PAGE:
Firstly, it should not take sexual assault + harassment allegations so close to home in Alberta in order to have to write this blog.  The theme for our next blog was going to be on diversity and homogeneity in the workplace, but we need to say more particularly as gender inequality is the fertile ground for the harassment of women in particular.  This issue is a frontline problem – the leadership in any enterprise must provide clear unambiguous messaging on how to improve gender inequality as a path to respect and appreciation for the women that make up our workforce by developing a culture of zero tolerance for harassment in any form.   This requires diligence to recognize and take on corporate blind spots to shift the corporate culture away from one where the leaders pay lip service and tacit apologies once the damage is already done.  By staying on a course of gender equality, the deep dive into the cesspool of sexual harassment, workplace bullying, and gender inequality can be avoided.

Secondly, companies need to do something positive, unyielding, and uncompromising to be divergent in their corporate thinking.  They need to promote fair practices by creating a social climate where the experience of balancing being a parent and developing a career are more holistic and beneficial to the greater good of society vs. what is in the corporate interest and a real bulwark to harassment.  Initiatives like honest and heartfelt sponsorship of equality around family-leave programs, no worry stay-at-home opportunities, fair promotion, pay-equity and transparency will move an enterprise towards the bold and courageous leadership that makes the enterprise a better place overall.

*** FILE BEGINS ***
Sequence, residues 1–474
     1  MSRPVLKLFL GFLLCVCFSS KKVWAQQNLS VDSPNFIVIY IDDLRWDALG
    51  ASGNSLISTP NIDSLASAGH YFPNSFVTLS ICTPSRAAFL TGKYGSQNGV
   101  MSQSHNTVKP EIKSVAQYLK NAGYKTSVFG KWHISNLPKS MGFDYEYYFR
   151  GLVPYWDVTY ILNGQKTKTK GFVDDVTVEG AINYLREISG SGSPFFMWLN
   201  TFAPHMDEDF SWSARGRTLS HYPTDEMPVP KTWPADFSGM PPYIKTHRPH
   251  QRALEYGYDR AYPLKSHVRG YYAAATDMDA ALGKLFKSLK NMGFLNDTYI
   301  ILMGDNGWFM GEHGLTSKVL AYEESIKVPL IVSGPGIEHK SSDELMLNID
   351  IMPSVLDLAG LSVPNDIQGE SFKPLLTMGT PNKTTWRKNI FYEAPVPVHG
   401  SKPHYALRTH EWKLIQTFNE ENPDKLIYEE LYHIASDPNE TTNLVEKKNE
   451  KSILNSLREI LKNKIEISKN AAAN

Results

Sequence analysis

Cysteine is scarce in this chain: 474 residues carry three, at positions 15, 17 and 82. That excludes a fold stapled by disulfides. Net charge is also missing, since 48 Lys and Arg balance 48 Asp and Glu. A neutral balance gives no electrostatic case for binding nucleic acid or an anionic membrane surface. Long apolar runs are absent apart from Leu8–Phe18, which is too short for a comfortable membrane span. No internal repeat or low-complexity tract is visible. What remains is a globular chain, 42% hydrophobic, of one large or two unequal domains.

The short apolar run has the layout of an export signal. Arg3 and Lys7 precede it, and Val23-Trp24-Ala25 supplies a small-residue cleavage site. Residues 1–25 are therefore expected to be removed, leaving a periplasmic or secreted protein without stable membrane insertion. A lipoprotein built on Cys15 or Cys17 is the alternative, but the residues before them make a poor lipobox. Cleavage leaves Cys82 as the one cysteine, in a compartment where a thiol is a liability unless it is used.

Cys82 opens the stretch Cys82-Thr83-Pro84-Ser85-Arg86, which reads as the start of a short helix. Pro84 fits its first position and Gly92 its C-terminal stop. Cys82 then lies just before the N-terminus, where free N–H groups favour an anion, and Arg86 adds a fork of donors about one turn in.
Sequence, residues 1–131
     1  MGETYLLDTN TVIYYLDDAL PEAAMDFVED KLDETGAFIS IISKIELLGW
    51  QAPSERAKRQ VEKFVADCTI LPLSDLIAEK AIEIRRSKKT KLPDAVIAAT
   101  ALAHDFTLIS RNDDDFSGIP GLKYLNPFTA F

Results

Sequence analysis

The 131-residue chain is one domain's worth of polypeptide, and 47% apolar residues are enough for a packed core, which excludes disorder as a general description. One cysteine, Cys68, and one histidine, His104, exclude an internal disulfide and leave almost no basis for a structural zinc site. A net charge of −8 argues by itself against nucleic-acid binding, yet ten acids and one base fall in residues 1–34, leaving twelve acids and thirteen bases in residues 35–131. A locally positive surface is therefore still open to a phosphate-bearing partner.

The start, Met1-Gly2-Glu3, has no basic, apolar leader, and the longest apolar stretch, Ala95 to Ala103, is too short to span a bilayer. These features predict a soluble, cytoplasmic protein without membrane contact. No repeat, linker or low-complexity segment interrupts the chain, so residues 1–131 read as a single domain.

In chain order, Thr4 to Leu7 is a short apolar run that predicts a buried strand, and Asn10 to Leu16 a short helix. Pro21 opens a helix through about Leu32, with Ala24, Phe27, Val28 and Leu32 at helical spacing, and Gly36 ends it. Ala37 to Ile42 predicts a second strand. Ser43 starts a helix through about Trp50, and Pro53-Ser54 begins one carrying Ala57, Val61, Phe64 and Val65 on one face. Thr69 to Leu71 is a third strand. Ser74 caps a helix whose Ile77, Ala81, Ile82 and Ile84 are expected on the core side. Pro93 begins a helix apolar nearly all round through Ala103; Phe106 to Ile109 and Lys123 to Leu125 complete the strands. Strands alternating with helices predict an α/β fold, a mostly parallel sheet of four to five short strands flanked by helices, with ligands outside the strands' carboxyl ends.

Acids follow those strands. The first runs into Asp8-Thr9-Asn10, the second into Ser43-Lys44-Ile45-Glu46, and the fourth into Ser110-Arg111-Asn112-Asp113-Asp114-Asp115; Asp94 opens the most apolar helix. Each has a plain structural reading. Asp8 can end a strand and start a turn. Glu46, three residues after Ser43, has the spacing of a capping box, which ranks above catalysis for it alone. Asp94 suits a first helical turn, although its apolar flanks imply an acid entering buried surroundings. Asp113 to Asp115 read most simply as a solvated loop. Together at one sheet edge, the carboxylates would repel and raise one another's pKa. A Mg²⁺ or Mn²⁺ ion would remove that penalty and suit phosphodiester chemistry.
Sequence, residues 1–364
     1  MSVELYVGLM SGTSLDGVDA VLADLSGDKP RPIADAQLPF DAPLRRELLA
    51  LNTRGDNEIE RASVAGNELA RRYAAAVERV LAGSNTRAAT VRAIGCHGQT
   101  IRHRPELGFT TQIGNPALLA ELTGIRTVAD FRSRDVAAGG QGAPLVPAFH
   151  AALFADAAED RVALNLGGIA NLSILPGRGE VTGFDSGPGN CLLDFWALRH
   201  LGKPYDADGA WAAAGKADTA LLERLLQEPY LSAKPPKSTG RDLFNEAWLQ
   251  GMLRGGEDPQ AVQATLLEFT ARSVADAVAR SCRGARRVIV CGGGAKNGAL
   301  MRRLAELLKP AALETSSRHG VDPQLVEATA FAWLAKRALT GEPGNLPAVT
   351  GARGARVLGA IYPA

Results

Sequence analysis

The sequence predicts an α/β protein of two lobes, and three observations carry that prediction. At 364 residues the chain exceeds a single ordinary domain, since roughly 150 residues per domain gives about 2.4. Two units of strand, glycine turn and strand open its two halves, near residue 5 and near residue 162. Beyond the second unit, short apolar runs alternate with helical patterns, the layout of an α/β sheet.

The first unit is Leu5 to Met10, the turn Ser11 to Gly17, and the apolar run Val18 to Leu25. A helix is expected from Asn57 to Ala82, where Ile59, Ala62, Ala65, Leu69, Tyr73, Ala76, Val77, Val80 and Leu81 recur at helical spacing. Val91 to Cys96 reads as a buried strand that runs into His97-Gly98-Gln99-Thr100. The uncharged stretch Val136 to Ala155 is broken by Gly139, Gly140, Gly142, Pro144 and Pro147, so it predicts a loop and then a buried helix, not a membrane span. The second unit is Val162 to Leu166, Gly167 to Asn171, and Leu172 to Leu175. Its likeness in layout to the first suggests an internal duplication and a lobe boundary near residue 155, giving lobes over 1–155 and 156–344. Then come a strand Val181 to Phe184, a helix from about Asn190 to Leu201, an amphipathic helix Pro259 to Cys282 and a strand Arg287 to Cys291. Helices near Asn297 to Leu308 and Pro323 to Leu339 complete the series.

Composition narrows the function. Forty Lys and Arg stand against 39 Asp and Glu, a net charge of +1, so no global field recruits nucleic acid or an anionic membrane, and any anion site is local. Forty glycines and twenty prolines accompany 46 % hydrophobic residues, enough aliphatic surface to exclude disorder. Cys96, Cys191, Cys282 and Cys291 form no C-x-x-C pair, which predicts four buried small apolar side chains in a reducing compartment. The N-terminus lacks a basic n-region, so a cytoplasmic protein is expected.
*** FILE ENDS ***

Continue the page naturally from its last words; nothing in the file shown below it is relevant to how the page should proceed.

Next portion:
Thirdly, let’s change the metric that women are being promoted at a lower rate than men, particularly entry-level positions and high-level management/partnership positions where women are significantly less likely to be promoted than their male peers. Gender disparity has a dramatic effect on the potential quality of the work and products in a company. As we move towards a balanced homogeneity in the workplace and the extinction of harassment in any form, productivity and quality will naturally increase.

Finally, why is gender discrimination so persistent despite what some well-meaning business leaders and the media are doing and saying?  What should we all be do differently? Solid research would suggest that we fall short in translating top-level commitment and cultural shifts into a truly inclusive work environment. This will take a lot of effort and will be hard work despite senior leadership saying the right things, the greatest asset – employees don’t feel there is or can be engaged for making progress toward gender equality.  Good words must be backstopped with action and women in particular don’t feel confident calling out gender bias when they see it, and they don’t think enterprise leadership have got the message. Start now to look more carefully at the everyday experiences in your organization – for better or worse. Such an inward look will be likely very sobering but undeniably be an invaluable step toward breaking gender gridlock on a path to the elimination of harassment and inequality in any form.

Until next time,

Allan Partridge